National Institute for Genetic Engineering and Biotechnology

Ferrara, Italy

National Institute for Genetic Engineering and Biotechnology

Ferrara, Italy

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PubMed | University Putra Malaysia, University of Tehran, Shahid Beheshti University, Shahid Beheshti University of Medical Sciences and National Institute for Genetic Engineering and Biotechnology
Type: | Journal: Therapeutics and clinical risk management | Year: 2017

Hereditary multiple osteochondromas (HMO), previously named hereditary multiple exostoses (HME), is an autosomal dominant skeletal disorder characterized by the growth of multiple osteochondromas and is associated with bony deformity, skeletal growth reduction, nerve compression, restriction of joint motion, and premature osteoarthrosis. HMO is genetically heterogeneous, localized on at least three chromosomal loci including 8q24.1 (This study was performed on an Iranian family with nine affected individuals from three consecutive generations. Here, the proband was an affected woman who received genetic counseling prior to pregnancy. All exons of the three genes were examined in the proband using polymerase chain reaction and sequencing methods (the last member of this family is a male with severe deformities and lesions, especially around his large joints). Exon 4 of The outcome of this study has extended the genotypic spectrum of Iranian patients with HMO, revealing a way for improving detection and genetic counseling in carriers.


Ganji S.M.,University of Ferrara | Ganji S.M.,National Institute for Genetic Engineering and Biotechnology | Miotto E.,University of Ferrara | Callegari E.,University of Ferrara | And 5 more authors.
Diseases of the Esophagus | Year: 2010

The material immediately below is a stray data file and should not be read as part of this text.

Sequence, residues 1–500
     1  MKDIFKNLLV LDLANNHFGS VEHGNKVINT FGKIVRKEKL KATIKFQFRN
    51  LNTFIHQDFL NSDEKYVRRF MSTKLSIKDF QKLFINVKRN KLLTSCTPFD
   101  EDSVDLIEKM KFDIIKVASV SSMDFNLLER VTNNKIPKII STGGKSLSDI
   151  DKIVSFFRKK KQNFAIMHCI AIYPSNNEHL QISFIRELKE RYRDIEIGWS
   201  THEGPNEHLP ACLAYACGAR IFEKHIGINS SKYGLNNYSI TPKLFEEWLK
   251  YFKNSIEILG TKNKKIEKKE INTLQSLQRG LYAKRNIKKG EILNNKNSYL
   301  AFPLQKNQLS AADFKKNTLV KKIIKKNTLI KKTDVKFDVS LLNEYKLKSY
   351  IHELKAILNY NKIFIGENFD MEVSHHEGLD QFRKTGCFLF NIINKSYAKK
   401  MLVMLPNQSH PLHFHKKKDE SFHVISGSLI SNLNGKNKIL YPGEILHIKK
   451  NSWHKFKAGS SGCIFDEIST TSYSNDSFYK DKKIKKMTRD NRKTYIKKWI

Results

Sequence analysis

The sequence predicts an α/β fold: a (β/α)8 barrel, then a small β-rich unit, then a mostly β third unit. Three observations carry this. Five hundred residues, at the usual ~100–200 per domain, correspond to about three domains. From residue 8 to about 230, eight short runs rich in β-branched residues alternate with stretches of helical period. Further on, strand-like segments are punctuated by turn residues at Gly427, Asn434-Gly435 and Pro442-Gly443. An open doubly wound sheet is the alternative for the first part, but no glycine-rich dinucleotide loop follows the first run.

It is known that obesity and occupational airborne exposure such as dust are among risk factors of esophageal cancer development, in particular squamous cell carcinoma (SCC) of esophagus. Here, we tested whether these factors could also affect aberrant DNA methylation. DNAs from 44 fresh tumor tissues and 19 non-tumor adjacent normal tissues, obtained from 44 patients affected by SCC of esophagus (SCCE), were studied for methylation at the CDKN2A/p16 gene promoter by methylation-specific polymerase chain reaction assay. Statistical methods were used to assess association of promoter methylation with biopathological, clinical, and personal information data, including obesity and airborne exposures. Methylation at the CDKN2A/p16 gene promoter was detected in 12 out of 44 tumor samples. None of the non-tumor tissues exhibited the aberrant methylation. Our results confirmed previously described significant association with low tumor stage (P= 0.002); in addition, we found that obesity (P= 0.001) and occupational exposure (P= 0.008) were both significantly associated with CDKN2A/p16 promoter methylation. This study provides evidence that obesity and occupational exposure increase the risk of developing esophageal cancer through an enhancement of CDKN2A/p16 promoter methylation. © 2010 Copyright the Authors. Journal compilation © 2010, Wiley Periodicals, Inc. and the International Society for Diseases of the Esophagus.

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